Can anyone de-wonkify climate change warnings and actually get people to listen?
- By Kate GalbraithKate Galbraith is a San Francisco-based journalist who writes about energy and climate issues. Her work has appeared in the Texas Tribune, the New York Times and the Economist, and she is co-author of The Great Texas Wind Rush.
The drumbeat of headlines from the new U.N. climate report has been loud and insistent: "Global Warming Impacts Widespread, U.N. Panel Says"; "Panel’s Warning on Climate Risk: Worst Is Yet to Come"; "New U.N. Report: Climate Change Risks Destabilizing Human Society." But the most telling one of all comes from Newsweek — "Climate Change: Is Anybody Listening?"
The funny thing is, the U.N. body known as the Intergovernmental Panel on Climate Change (IPCC) has been issuing essentially the same warning for decades, going right back to the first reports nearly a quarter-century ago. (Sample headline from 1990: "Scientists Urge Rapid Action on Global Warming.") The problem hasn’t been the science; it’s been the messaging. People haven’t been listening. That’s why the latest findings, released on March 31 in Japan, go to truly incredible efforts to put together a message that the world can understand.
The report, which focuses on climate impacts and adaptation, is a multimedia, multilingual extravaganza. It includes a polished narrated video, multilingual webcasts of the news conference, and an online Q&A that includes, "What is the IPCC?" (Always good to cover the basics when an off-putting acronym is involved.)
The report itself exudes urgency and, where appropriate, certainty. Climate change, influenced by humans, is already having impacts "on all continents and across the oceans." The seas are rising, Arctic sea ice is shrinking, and the risks to those living along coasts and to the world’s food supplies are severe. Climate change is already happening, in other words, and it’s likely to get worse: "Increasing magnitudes of warming increase the likelihood of severe, pervasive, and irreversible impacts," warns the "summary for policymakers" — which, of course, is all that anybody but the die-hards will read.
Scientists are not known for their gift of communication. Academic science writing, in fact, favors impenetrable terms clothed in clauses and subclauses. And past IPCC reports, though aimed at the public, have been no exception.
But something happened on the way to Kinko’s this year: The language is more clear, direct, and — gulp — understandable than it has been in prior reports. As it turns out, humans are screwed.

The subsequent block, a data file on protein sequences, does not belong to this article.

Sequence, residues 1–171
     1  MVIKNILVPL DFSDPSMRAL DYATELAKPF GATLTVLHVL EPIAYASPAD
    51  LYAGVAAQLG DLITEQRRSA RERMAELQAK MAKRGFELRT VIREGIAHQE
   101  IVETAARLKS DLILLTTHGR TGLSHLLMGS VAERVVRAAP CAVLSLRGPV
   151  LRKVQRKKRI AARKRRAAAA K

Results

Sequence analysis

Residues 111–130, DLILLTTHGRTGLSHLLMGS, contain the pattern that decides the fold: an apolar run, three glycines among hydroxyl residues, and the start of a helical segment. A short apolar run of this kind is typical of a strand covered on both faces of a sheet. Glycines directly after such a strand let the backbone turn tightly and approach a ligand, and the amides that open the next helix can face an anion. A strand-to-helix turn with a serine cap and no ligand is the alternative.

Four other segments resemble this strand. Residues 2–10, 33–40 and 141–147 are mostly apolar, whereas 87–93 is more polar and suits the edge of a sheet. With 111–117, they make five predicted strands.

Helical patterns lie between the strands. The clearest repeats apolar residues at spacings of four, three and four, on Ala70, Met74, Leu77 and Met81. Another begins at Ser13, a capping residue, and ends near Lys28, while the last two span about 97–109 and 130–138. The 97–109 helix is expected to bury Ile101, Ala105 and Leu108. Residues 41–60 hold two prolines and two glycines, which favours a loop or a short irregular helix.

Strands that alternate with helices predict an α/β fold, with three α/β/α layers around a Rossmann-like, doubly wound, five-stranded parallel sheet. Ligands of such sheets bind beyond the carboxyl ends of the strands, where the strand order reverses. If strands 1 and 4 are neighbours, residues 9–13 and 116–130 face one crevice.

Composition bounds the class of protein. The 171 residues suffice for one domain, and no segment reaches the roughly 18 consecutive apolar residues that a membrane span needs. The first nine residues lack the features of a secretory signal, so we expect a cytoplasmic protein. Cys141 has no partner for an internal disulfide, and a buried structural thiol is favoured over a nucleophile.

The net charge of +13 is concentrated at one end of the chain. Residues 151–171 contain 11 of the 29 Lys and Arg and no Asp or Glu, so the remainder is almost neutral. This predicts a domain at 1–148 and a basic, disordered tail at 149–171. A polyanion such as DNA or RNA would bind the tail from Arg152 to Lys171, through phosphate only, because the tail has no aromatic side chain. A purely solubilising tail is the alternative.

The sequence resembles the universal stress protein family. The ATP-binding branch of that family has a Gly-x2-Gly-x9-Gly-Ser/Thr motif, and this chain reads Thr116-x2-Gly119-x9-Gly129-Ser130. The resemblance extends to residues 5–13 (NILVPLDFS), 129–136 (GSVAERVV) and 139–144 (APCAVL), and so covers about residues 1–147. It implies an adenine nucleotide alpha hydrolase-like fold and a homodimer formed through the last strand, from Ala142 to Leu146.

The term "anthropogenic," for example, is nearly entirely banished from the executive summary in favor of "human"-influenced. "Forcing," a favorite scientific term that essentially means "disturbance," appears only once. Basic terms like hazard, risk, adaptation, and — yes — climate change are clearly defined. The point is obvious: Government officials and the public need to pay attention. The corollary is: Nobody has paid enough attention yet. "We as scientists are realizing that the message is not getting through," says Katharine Hayhoe, a Texas Tech University atmospheric scientist who has done review work for the IPCC. Warming-related changes are happening faster than scientists originally predicted, she said, but the public has not internalized the urgency.
Nearly a quarter-century ago, when the first IPCC report thudded onto policymakers’ desks, scientists arguably had an easier time in convincing the world that a dire problem existed. That was 1990, two years before the global warming summit in Rio de Janeiro — where U.S. President George H.W. Bush spoke — and seven years before the Kyoto Protocol. Although the science of global warming held more uncertainties then than it does now, the world seemed ready to take action. This was the heyday of international environmental accord, with efforts to combat threats like the ozone hole and deforestation and, ultimately, climate change. It was also before the era of deep political fissures on climate change, at least in the United States, and before the spread of climate skepticism — a topic I’ve written about before.